- Share their content on our social network profile
- Post an informed comment on their blog
- Learn from their content, implement their ideas and share the results with them
- Sign-up for the blogger’s email list
- Engage with them on Twitter/LinkedIn
- Send the outreach email
Additionally, you could try to write a review of their podcast on iTunes or their ebook on Amazon.
The above approach will help make you familiar with the influencer. In turn, your knowledge of the influencer will assist you in crafting an email that won’t be ignored. It also helps you let the influencer know that you have a clear idea about their work.
Bonus tip: Make sure that you contact the influencer via a personal account, rather than a company account. It looks less spammy and makes it easier to establish a personal connection.
4. The Email
This is where you have to drive it home and get that link. It’s crucial that you email the influencer only after you have built a rapport with them. The email should be highly personalized. Don’t send the same old generic stuff – it will not get you great results.
What we do: We follow a 10-80-10 rule. We personalize the first couple of lines by talking about other articles they have written or about their organization etc. If the influencer had previously replied to us on Twitter or comments, we’ll use reference that exchange in the first two sentences of the email.
Then comes the template – the portion of the email that talks about our product.
The last couple of lines is our pitch or what we want from them and what’s in it for them. Every pitch will vary according to influencer’s profile.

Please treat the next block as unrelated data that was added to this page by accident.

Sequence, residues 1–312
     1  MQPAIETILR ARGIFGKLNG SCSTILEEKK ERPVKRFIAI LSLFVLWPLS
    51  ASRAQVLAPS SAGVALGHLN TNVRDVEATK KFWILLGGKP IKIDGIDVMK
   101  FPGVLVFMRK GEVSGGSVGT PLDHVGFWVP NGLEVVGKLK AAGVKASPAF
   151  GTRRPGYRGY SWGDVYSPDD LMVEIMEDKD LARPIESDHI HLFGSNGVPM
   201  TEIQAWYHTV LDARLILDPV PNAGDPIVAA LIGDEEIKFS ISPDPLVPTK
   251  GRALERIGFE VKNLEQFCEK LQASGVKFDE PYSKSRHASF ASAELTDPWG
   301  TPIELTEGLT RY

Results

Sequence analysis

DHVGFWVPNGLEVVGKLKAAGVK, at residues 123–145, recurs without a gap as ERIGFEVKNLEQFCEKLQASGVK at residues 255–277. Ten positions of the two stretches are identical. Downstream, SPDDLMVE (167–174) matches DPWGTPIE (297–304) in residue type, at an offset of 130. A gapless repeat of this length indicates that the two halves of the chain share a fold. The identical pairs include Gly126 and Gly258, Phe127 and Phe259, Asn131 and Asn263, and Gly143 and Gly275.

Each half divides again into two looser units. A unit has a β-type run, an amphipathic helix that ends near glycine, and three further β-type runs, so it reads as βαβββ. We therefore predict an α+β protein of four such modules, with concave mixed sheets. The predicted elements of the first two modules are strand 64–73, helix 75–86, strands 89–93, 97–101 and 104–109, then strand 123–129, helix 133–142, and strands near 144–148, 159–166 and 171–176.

Bonus tip: We mention the name of the influencer in the subject line, which is a good way to catch their attention and get the email opened in the first place!
What We Pitch (plus a few examples)
Example 1: Journalists and Tech Writers
In the case of tech journalists or reviewers – the aim is to get a review, or a mention, or a story on a product feature. Ideally, we’re looking for dofollow links, which help contribute to our web authority over time. However, a nofollow link from a major publication can be valuable as a source of traffic. (Note: Though many publications use the nofollow attribute for outbound links by default, it’s always worth emailing the author to ask if they would consider changing the link to a dofollow link.)
Example 2: Content Marketers and Blog Administrators
In the case of content marketers or blog admins – we pitch for a guest post slot on their blog. The key is to offer to write about a topic that you see they’re trying to cover on their blog because beefing up thematic content is crucial for SEO.
Example 3: Industry Blogger
If the influencer writes about products or services from our niche, we ask them to check out our product and consider adding it to an existing article or mentioning it in one of their future articles.
Example 4: Roundup-Meisters and Podcasters
If the influencer regularly does interviews, podcasts, round-ups or webinars on their blog – let them know you are interested in participating. In addition to getting links, it is a great way to establish yourself as a thought leader or a subject matter expert.
“Link building should be more about creating lasting connections than just earning a backlink. The more we can contextualize the process, the greater ROI we will see, and the bigger impact it will have on our sites and our businesses”. – Ryan Shelley
Link-building is not a mechanical process anymore. The focus of a solid link building strategy for your SaaS company should be on building relationships rather than getting links. This approach has fetched us great results both in terms of rankings and traffic. Additionally, our domain authority has also doubled. The best part is – it didn’t cost us a dime.
I guess, it’s true what they say – the best things in life are free.
For more general advice, look at our expert roundup on SaaS startup marketing.The focus of a solid link building strategy for your SaaS company should be on building relationships Click To Tweet
Editor’s note: To find opportunities to build links, connect with influencers, and share your content with interested customers, try CanIRank’s Promote My Content tool, which is included with every CanIRank account. Sign up for a free account to try it out.
For further reading, check out our compilation of the best SaaS marketing blogs here.